Brown went on an 11-0 run early in the first half, holding the Crimson without a field goal for nearly eight minutes as it turned an 8-7 deficit into an 18-8 advantage.
Harvard sophomore forward Zach Martin ended the run with a pair of free throws, but the Crimson never got any closer the rest of the way as the Bears steadily pulled away—extending their lead to as many as 26 after a Mike Martin three-pointer made the score 83-57 with 4:24 remaining.
The loss dropped the Crimson to 2-18 overall (1-6 Ivy) and improved Brown’s record to 9-11 (5-2).
As it had in a 104-69 loss to Penn Feb. 6, Harvard proved unable to defend the three. Many of Brown’s 13 trifectas came after star point guard Jason Forte penetrated before kicking the ball out to the perimeter, where the Bears whipped it around to the open man as the Crimson scrambled futilely to chase it.
“The extra pass was very much available and we were just kind of moving our heads and just trying to catch up to the game,” Harvard coach Frank Sullivan said.
“We have to slow down the ball,” sophomore point guard Michael Beal said. “That was our fatal flaw against Penn. That was our fatal flaw against Brown.”
Forte finished with 25 points on 8-for-12 shooting, converting all six of his free throws and adding five assists. He did most of his damage in the second half, when he scored 16 points—including eight in a row in one 54-second stretch—on 6-for-7 shooting and had all five of his assists.
“We were hoping to get the second and third defenders to Forte,” Sullivan said, “and make it difficult for him to throw the extra pass, but I really think he had his way tonight.”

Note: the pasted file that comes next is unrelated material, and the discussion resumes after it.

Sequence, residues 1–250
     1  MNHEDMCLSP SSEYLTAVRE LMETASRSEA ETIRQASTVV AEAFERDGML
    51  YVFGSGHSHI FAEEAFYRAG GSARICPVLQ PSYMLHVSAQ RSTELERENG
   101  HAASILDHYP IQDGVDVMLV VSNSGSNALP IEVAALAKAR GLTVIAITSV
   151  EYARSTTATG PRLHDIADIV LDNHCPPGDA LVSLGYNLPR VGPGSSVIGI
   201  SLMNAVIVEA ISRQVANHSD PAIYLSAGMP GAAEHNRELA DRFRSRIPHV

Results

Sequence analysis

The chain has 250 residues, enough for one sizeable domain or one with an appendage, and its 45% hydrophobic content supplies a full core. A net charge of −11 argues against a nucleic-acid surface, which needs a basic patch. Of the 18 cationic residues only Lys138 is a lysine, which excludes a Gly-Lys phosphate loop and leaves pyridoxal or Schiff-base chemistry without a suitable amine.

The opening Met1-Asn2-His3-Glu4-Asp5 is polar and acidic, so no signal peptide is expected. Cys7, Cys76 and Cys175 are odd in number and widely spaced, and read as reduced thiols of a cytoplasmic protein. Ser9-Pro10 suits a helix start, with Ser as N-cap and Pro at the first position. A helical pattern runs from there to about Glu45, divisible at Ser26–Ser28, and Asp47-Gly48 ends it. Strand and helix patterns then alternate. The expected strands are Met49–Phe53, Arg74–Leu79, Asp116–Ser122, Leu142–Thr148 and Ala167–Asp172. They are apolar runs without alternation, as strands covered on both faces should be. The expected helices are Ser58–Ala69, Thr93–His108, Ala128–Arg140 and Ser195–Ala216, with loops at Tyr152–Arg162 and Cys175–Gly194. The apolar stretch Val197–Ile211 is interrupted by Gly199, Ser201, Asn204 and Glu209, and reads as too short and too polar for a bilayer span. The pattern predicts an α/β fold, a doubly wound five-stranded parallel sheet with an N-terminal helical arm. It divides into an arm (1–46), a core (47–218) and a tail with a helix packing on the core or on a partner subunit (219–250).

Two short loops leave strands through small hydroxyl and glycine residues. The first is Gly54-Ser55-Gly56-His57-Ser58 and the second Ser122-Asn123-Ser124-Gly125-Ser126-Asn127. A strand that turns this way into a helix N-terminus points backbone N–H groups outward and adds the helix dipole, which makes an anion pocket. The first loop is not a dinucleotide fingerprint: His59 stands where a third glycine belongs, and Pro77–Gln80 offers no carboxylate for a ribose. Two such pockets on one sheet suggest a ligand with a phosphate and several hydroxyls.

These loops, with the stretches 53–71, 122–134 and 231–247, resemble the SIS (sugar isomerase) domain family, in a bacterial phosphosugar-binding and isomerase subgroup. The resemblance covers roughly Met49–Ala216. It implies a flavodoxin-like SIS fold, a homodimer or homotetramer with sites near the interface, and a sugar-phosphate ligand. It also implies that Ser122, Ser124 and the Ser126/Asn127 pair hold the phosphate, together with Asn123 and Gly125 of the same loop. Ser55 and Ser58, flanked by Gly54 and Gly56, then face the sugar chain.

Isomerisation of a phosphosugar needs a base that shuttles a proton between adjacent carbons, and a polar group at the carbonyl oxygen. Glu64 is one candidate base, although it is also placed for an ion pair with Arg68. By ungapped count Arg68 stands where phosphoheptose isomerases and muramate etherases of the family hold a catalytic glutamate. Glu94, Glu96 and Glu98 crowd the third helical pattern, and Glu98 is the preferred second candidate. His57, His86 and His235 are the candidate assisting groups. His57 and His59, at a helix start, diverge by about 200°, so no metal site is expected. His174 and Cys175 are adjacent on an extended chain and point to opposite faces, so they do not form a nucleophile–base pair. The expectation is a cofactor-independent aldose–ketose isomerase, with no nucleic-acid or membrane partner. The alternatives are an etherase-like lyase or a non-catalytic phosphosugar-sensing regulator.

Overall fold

“I gave him way too much respect coming in,” said Beal, who drew the primary defensive responsibility on Forte. “I played off him too much.”
Three of Forte’s assists came on buckets by forward Jaime Kilburn, who capitalized on Forte drawing his defenders to score 20 points on 9-for-10 shooting.
“He’s one of the quicker low-post players in the league,” Sullivan said. “Certainly when all other guys are as active as they were, it created a lot of space.”
“Because of the motion offense, they do a great job lifting help away from him,” Sullivan added.
Every Brown starter scored in double figures, with all but Kilburn hitting at least a pair of threes.
The victory was the school-record 58th for the Bears’ class of 2004—Kilburn, Mike Martin and forward Patrick Powers—breaking the four-year mark set by the class of 2003.
“You saw a very experienced, senior-driven offensive team have great poise and great determination,” Sullivan said. “We had no answers for them on defense at all.”